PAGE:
Monday, January 30, 2017

A message to my fellow citizens:

 Blind Children Studying the Globe, Julius Kirschner (1914)
To those who imbibed the toxic cocktail of denial, self-deception, and wishful thinking in the last presidential election, there’s still hope for a full recovery. Your fears, anger and insecurities are ill-served by a fascist populist and his would-be kleptocratic cronies whose narcissistic megalomania and Midas complex glorify the conspicuous vices of contemporary capitalism in a manner that seeks to trump democratic institutions, values and principles as it eviscerates the triune principles and virtues of liberté, égalité, and fraternité. It is still possible to awaken your potential to exercise the tenacity and courage needed to break through the authoritarian character armor sub-consciously constructed out of the fragile and feeble fabric provided by the more regressive and perverse socio-cultural materials found in this country’s history: conformism, homophobia, (white and ‘Christian’) ethno-nationalism, militarism, parochialism, racism, sexism, conspicuous consumption and acquisitiveness, unbridled ambition, celebrity worship and fame-seeking, the will to dominate others, in short, the “false consciousness” well-captured in Erich Fromm’s locution, “the pathology of normalcy.” We know too well the debilitating and deadly powers of human vengeance, senseless destructiveness, and violence, the ease with which even the most “civilized” peoples can descend into the dark vortex of chaos, needless suffering and evil. The need to “fight fire with fire” is rare and regrettable, and certainly avoidable should we learn to build the emancipatory structures of the Good Society. 
Abandon the residual messianic tribalism incarnate in the idea of a “chosen people” atop a “city on a hill.” In other words, to the avowed Christians in your ranks, recall that all human beings are created in the image of God, that God’s covenant is thus with humanity as such, and that Jesus’s foremost moral and spiritual teachings revolve around the Golden Rule and the double commandment of love (hence the Christ of Tolstoy, not Constantine), and it is that which should provide the pile-like foundations of your social life and democratic politics. As Daniel Burston writes in his book on Fromm, “the Hebrew concept of idolatry implies the misrecognition and reification of our own divinely begotten essence [an idea found in Stoic thought as well], which, like the burning bush, is in a process of continuous and inextinguishable becoming, and is not something finite, static, or dead, like a graven image.”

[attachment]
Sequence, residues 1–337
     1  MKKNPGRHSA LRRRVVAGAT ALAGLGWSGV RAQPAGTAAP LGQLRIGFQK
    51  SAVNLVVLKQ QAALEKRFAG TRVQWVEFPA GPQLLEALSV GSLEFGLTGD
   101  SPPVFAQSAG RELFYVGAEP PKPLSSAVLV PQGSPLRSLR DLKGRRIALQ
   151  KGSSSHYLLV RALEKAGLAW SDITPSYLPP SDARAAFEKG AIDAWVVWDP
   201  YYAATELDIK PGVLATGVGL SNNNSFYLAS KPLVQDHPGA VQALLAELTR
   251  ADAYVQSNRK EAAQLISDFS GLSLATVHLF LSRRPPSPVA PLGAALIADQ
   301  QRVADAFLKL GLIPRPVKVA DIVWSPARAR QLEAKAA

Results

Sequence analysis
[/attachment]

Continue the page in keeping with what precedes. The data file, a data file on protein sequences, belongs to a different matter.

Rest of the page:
“The Circle,” LaSalle at Amsterdam, Todd Webb (1946)
It is not easy to cultivate a disposition to truth (which depends in the first instance on the power of sublimation and thereafter on individuation), an elusive character trait indispensable for a full-bodied appreciation of the moral requisites of human dignity, the power of virtue, and a lifelong commitment to the Good. It is this dignity, virtue and commitment that, historically speaking, first found moral, legal, and political expression in the notion of human rights, in the idea of jus cogens norms, and the Liberal principles of democratic constitutionalism. It is such dignity, virtue and commitment that allows us to imagine a socio-economic system beyond capitalism, one that extends the logic of democracy and principles of environmental sustainability throughout the social order such that all human beings on this planet are accorded the capacity for the development of their basic capabilities, thereby encouraged to ascend the mountain of self-realization while discovering, creating and exploiting ample opportunities for human flourishing in harmony with the motley and marvelous (non-human) animal creatures that likewise partake of the precious “breath” of life.

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